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Topics: Negotiation, Best alternative to a negotiated agreement, Team Pages: 25 (6263 words) Published: November 2, 2014
The Agreement Bias in Negotiation: Teams Facilitate Impasse

Taya R. Cohen (Northwestern University)
Geoffrey J. Leonardelli (University of Toronto)
Leigh L. Thompson (Northwestern University)

Paper Presented at the
23rd Annual International Association of Conflict Management Conference Boston, Massachusetts
June 24 – 27, 2010

Abstract:
This research represents the first empirical investigation of the agreement bias in negotiation. The agreement bias is a negotiation trap characterized by settling for terms that are worse than one’s alternatives. Results from two experiments indicated that teams reduce the agreement bias by facilitating impasse in negotiations with a negative bargaining zone. Study 1 found that the addition of a single teammate was sufficient for generating discontinuity between teams and solos in their ability to avoid the agreement bias. Study 2 provided support for two proposed explanations for the agreement bias. Consistent with the faulty-judgment explanation, the role that required the most information processing benefited the most from the addition of a teammate. Consistent with the concern-with-being-liked explanation, solos were perceived as exhibiting more agreeable behavior than teams, and agreeable behavior was associated with a greater likelihood of agreement.

AGREEMENT BIAS

1

The Agreement Bias in Negotiation: Teams Facilitate Impasse

Abstract
This research represents the first empirical investigation of the agreement bias in negotiation. The agreement bias is a negotiation trap characterized by settling for terms that are worse than one’s alternatives. Results from two experiments indicated that teams reduce the agreement bias by facilitating impasse in negotiations with a negative bargaining zone. Study 1 found that the addition of a single teammate was sufficient for generating discontinuity between teams and solos in their ability to avoid the agreement bias. Study 2 provided support for two proposed explanations for the agreement bias. Consistent with the faulty-judgment explanation, the role that required the most information processing benefited the most from the addition of a teammate. Consistent with the concern-with-being-liked explanation, solos were perceived as exhibiting more agreeable behavior than teams, and agreeable behavior was associated with a greater likelihood of agreement.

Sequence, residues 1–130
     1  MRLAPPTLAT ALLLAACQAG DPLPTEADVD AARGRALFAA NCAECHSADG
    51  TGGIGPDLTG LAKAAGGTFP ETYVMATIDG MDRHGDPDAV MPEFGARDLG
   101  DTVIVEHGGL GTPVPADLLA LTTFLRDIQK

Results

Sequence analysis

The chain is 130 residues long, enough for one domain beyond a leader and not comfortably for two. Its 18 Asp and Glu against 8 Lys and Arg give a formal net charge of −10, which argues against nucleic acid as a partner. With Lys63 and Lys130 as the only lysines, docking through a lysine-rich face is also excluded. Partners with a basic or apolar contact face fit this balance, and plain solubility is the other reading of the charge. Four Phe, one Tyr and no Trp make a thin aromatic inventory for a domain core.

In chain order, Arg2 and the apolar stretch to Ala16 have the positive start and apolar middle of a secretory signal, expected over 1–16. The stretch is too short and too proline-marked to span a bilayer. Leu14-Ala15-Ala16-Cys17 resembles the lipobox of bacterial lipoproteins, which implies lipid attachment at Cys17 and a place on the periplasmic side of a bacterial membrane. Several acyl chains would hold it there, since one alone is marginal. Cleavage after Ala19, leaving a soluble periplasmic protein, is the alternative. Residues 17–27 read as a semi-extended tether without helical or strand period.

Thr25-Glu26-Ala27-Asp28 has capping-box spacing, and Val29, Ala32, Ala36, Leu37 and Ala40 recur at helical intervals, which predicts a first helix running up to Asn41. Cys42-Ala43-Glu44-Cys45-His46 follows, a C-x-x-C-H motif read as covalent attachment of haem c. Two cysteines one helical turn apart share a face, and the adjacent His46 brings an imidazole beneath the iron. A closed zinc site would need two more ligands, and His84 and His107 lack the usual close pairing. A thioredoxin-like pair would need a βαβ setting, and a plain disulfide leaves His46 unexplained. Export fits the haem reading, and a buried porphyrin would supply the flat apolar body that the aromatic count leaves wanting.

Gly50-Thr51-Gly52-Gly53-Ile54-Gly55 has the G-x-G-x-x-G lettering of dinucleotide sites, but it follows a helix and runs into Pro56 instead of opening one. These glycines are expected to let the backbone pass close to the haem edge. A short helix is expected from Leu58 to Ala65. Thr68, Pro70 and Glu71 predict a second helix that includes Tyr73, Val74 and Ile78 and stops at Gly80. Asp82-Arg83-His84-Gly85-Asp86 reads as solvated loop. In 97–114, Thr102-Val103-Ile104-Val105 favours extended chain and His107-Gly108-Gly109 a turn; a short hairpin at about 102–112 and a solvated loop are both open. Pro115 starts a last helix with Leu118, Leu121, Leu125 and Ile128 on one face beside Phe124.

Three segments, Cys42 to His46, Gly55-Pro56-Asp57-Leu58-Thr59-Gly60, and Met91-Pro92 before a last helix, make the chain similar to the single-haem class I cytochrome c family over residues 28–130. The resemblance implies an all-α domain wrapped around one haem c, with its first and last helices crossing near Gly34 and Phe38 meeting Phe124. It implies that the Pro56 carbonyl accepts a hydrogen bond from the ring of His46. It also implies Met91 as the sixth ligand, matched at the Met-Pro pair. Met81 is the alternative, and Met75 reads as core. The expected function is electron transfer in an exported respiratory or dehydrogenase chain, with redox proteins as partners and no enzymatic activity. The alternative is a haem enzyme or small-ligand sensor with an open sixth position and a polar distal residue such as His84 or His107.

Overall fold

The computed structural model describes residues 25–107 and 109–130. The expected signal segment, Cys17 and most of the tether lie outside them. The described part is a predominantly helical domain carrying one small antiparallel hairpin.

Keywords: agreement bias; negotiation; impasse; teams; groups; interindividualintergroup discontinuity

AGREEMENT BIAS

2

The Agreement Bias in Negotiation: Teams Facilitate Impasse

“The art of leadership is not saying Yes, it’s saying No.” Tony Blair (cited in Ury, 2007, p. 4)

Effective negotiation requires understanding not only how to “get to yes” but also how and when to say no. However, since the publication of Fisher and Ury’s (1981) seminal negotiation book, Getting to Yes, negotiation research has focused almost exclusively on helping people reach agreements, whereas little, if any, research has investigated factors that help parties reach impasses when a negative bargaining zone exists (i.e., when there is no zone of possible agreement). When negotiation impasses are discussed, they are usually framed as problems (e.g., O'Connor & Arnold, 2001) that can potentially be solved by correcting biases (e.g., Babcock & Loewenstein, 1997) or bargaining more rationally (e.g., Roth, 1995). However, it is not always desirable or advantageous to reach a deal in negotiation. If a negotiator has better alternatives elsewhere then it would be foolish for him or her to ignore those attractive alternatives in favor of a less desirable settlement.

The failure to impasse when there is a negative bargaining zone is called the agreement bias (Thompson, 2009). The agreement bias is a negotiation trap characterized by settling for terms that are worse than one’s alternatives. Although negotiation textbooks (e.g., Thompson, 2009) typically discuss the pitfalls of the...

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